When people touch the content, it can become a real mess ("hey my soldier can kill a tank just shooting on it's motor! OA power!")

For that I trust you to keep it clean.

My interest is far beyound adding a vehicule to the sim, in fact it's just a good way to learn and maybe cooperate with other member to achieve a common goal.

Sorry, if I appear to you like a "Battlefield 2" guy, in fact I'm really a fan with all the bad points wich come with it.

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Darkangel,

I hate to say this but his base unskinned model looks great. I challenge you to do better.

Volcano,

Myself being a advid simmer, playing ArmA2, Freefalcon/Open Falcon, and SBpro. I can say that ArmA2 does a GREAT job of efficiently modeling and representing battalion sized engagements for infantry, and light vehicles, even some mild helo close air support. Granted the helo modeling is the weakest point in the three I mentioned.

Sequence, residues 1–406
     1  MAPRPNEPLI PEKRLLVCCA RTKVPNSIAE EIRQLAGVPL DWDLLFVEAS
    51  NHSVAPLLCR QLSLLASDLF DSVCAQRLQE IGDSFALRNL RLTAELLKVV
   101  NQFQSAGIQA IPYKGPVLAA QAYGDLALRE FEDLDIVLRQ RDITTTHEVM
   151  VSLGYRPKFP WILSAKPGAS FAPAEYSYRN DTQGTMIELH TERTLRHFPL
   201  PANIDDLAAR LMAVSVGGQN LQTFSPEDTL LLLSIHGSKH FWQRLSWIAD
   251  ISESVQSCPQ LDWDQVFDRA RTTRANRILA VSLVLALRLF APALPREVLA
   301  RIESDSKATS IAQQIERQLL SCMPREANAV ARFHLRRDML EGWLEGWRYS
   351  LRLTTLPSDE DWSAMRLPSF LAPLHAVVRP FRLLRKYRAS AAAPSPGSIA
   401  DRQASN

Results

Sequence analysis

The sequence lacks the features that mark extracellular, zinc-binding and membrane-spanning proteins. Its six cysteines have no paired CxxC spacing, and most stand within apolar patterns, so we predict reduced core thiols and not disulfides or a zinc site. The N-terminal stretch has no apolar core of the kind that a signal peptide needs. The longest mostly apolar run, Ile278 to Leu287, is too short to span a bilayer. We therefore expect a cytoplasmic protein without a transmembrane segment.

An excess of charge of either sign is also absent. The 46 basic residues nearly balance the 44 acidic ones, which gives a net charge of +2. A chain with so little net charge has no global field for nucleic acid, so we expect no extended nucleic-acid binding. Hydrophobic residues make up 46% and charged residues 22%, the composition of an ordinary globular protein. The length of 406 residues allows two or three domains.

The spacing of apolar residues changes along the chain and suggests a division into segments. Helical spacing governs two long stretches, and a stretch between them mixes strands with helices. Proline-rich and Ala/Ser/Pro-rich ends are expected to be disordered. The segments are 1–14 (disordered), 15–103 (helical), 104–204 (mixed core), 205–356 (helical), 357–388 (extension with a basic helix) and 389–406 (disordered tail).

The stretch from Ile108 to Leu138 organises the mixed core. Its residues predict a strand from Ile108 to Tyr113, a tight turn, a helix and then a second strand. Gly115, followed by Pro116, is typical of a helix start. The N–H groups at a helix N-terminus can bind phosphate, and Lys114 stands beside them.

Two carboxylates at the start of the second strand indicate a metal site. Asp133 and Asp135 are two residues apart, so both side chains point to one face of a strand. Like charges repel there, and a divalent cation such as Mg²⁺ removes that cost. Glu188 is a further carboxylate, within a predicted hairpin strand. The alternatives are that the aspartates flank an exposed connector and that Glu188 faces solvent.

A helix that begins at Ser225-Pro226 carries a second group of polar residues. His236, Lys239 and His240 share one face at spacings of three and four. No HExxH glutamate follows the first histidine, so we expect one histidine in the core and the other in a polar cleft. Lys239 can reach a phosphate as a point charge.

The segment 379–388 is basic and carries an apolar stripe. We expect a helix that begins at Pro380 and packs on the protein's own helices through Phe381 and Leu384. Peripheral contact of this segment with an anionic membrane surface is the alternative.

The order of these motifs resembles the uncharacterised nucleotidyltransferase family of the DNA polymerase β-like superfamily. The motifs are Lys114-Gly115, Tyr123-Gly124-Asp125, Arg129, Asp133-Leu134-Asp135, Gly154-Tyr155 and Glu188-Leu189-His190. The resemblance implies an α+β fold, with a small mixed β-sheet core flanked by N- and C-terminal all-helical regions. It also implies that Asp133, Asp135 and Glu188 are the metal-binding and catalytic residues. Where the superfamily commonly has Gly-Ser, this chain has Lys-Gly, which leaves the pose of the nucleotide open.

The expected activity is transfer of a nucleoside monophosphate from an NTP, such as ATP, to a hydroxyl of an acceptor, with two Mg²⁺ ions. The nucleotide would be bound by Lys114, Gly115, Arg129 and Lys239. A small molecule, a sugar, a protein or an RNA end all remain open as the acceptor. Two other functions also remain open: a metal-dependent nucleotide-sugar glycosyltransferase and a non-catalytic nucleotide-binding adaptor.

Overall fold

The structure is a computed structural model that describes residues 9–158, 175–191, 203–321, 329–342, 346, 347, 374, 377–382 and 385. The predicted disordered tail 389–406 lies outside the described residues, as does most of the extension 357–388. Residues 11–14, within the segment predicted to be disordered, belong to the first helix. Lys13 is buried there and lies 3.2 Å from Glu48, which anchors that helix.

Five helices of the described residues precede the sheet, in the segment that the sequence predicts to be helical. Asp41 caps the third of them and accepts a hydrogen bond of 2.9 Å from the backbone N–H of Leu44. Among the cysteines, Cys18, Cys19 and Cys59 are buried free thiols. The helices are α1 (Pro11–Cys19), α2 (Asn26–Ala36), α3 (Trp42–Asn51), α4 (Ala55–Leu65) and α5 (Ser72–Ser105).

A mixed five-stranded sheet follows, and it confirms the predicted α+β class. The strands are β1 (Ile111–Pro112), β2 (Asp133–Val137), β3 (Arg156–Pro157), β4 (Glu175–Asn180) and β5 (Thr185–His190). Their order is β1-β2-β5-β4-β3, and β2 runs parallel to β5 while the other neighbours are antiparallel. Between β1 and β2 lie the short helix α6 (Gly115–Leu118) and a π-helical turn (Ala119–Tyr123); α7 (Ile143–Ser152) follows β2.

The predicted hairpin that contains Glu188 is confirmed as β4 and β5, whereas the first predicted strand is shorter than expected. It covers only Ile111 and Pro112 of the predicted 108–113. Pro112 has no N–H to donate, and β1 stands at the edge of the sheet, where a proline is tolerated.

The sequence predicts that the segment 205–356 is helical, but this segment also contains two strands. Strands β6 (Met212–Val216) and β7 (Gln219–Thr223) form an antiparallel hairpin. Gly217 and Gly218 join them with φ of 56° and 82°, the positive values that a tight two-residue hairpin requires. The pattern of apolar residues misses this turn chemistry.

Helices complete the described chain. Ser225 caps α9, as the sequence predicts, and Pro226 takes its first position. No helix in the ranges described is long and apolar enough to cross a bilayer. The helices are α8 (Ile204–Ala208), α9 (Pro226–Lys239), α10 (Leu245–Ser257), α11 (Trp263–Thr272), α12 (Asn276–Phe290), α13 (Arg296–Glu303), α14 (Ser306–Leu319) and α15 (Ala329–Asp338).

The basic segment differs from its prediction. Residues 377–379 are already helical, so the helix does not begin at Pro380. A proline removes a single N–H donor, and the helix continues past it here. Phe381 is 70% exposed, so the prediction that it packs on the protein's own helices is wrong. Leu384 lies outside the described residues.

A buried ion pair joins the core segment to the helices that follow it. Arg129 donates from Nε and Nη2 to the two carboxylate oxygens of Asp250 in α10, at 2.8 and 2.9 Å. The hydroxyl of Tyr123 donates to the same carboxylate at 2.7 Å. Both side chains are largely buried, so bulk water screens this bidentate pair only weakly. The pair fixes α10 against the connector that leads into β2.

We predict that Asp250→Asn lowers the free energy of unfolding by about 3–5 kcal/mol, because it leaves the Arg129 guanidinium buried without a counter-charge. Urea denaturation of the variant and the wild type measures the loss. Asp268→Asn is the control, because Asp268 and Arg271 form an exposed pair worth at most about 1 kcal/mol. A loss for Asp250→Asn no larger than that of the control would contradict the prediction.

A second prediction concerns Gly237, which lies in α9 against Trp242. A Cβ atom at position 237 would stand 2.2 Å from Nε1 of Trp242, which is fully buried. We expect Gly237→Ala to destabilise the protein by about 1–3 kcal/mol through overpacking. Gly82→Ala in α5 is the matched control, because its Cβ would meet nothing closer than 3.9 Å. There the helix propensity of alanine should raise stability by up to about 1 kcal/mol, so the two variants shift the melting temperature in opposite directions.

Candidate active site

I have been involved in online games with over 400 AI combatants and it not even slow down my computer enough for me to make note. But I also kept the engagement limited to light wheeled vehicles, APCs, and infantry only.

SBPro has some marked advantages when compared to ArmA2, BUT ArmA2 destroys SBPro in the infantry area and the graphics. And in some cases sound too.

But SBPro is a dedicated TANK SIM. Not a modern infantry combat game/sim, like ArmA2.

Hell even Free Falcon/Open Falcon/Falcon4.0 can run battalion sized engagements without much of a issue.

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I have been involved in online games with over 400 AI combatants and it not even slow down my computer enough for me to make note. But I also kept the engagement limited to light wheeled vehicles, APCs, and infantry only.